In April 2006, the IMF issued an overall extremely positive appraisal of the world economic development for the third consecutive year in this decade. The impression created is that the turbulent times of the second half of the 90s and the crises of the beginning of this decade have been overcome, the lessons of failed economic policy have been learned and the course has been set for uninterrupted positive development in the coming years. However, this impression is deceptive, writes Jörg Huffschmid.
On the one hand there are risks, already mentioned by the IMF in previous reports, that continue or have even become more severe: high oil prices, unstable financial markets, global imbalances. On the other hand, the central problem of distribution remains occluded... ... this article is reserved for subscribers. It was published in Issue 2/Jun-Jul 2006. Please log in >>> here.
At first glance, everyday life seems not to have changed in Istanbul. The streets are congested; people hurry to the ferry or the bus. For weeks, there has been no terror attack. Nevertheless, there are some visible changes. There are much more policemen in the streets. In some days, the Istiklal Caddesi, the main shopping street on the European side, seems to be under a state of siege. At every street corner, there is police van with the blue light switched on.
Recent disturbing trends in international finance have particularly problematic implications, especially for developing countries. The new United Nations report, World Economic Situation and Prospects 2017 (WESP 2017), is the only recent report of a multilateral inter-governmental organization to recognize these problems, especially as they are relevant to the financing requirements for achieving the Sustainable Development Goals (SDGs).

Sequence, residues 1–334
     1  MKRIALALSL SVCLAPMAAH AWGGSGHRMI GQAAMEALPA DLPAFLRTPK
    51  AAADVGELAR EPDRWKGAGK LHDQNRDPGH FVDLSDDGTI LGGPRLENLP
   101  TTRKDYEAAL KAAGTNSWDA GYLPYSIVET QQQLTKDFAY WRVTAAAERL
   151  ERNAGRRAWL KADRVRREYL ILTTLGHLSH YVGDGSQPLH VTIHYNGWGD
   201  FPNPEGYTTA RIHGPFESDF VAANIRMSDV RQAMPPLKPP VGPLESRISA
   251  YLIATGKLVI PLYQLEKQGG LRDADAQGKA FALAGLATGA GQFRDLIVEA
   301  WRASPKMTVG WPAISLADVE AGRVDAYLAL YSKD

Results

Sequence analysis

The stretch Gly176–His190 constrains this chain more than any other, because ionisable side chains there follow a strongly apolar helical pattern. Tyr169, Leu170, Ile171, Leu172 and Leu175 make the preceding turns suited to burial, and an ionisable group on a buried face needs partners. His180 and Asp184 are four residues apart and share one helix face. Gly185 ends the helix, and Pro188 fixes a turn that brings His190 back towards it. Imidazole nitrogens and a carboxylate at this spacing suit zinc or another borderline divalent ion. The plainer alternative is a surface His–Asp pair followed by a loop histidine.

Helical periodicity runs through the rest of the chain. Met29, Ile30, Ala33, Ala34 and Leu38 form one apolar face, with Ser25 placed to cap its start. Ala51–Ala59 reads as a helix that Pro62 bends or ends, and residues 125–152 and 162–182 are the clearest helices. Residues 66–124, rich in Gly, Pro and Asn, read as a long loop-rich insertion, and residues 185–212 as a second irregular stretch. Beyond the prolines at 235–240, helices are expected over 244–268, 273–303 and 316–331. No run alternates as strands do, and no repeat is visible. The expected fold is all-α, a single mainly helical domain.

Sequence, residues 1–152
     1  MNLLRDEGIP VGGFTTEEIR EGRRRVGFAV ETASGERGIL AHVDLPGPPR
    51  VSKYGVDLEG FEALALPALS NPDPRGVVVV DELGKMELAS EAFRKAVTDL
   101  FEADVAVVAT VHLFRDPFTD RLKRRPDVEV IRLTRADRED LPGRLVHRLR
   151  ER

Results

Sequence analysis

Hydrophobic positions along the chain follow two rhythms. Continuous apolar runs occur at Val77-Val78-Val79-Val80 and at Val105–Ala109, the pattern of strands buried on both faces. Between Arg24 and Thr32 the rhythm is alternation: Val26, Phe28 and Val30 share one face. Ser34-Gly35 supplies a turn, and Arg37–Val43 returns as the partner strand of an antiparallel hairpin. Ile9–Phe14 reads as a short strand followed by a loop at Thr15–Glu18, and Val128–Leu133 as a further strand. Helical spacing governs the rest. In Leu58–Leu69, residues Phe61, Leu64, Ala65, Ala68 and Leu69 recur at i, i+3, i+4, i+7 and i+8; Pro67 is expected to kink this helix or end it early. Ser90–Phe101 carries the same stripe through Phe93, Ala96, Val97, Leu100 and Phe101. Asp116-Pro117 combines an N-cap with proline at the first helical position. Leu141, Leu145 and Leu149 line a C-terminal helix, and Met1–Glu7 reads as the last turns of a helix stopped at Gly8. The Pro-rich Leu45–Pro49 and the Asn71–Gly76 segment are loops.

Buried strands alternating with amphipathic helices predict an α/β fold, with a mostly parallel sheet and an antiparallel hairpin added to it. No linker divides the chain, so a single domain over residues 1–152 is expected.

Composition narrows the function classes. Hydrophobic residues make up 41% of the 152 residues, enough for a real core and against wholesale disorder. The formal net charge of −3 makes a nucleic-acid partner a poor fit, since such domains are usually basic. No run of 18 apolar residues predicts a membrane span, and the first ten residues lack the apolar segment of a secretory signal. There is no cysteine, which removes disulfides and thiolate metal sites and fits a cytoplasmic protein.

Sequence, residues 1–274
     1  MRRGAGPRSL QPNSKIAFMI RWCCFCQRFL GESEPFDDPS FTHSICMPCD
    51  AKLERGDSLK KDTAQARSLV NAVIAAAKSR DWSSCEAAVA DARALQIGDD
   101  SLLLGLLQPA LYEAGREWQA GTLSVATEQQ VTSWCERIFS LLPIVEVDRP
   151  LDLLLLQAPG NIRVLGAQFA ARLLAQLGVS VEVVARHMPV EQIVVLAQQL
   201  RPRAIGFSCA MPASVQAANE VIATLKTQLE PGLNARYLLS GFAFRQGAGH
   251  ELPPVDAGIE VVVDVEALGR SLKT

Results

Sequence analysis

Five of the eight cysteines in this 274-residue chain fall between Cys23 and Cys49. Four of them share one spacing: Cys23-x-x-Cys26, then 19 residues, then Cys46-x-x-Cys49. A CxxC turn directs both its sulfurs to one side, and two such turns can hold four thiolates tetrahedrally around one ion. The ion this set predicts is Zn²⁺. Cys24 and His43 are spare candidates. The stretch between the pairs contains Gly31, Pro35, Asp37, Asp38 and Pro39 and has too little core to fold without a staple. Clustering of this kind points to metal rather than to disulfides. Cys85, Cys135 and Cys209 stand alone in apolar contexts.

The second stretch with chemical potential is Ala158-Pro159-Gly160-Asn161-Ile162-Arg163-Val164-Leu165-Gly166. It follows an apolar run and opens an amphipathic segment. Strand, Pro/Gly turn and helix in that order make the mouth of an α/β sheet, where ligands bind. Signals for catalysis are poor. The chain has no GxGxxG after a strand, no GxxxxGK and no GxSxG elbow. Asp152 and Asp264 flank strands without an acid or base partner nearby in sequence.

The Trump government signals unequivocally the end of international US hegemony. An international hegemon is able to define rules that find relatively broad acceptance internationally and plays a role in safeguarding international economic stability. The Trump government announced measures that go against the present economic rules while not proposing new ones.
The global deficit in quality jobs and deteriorating economic conditions in a number of regions threatens to undo decades of progress in poverty reduction, warns a new report by the International Labour Organization (ILO), the World Employment and Social Outlook (WESO) 2016.
Weakening of workers' rights in most regions is being aggravated by severe crackdowns on freedom of speech and assembly, according to the 2016 Global Rights Index. Restrictions on freedom of speech and assembly, including severe crackdowns in some countries, increased by 22%, with 50 out of 141 countries surveyed recording restrictions.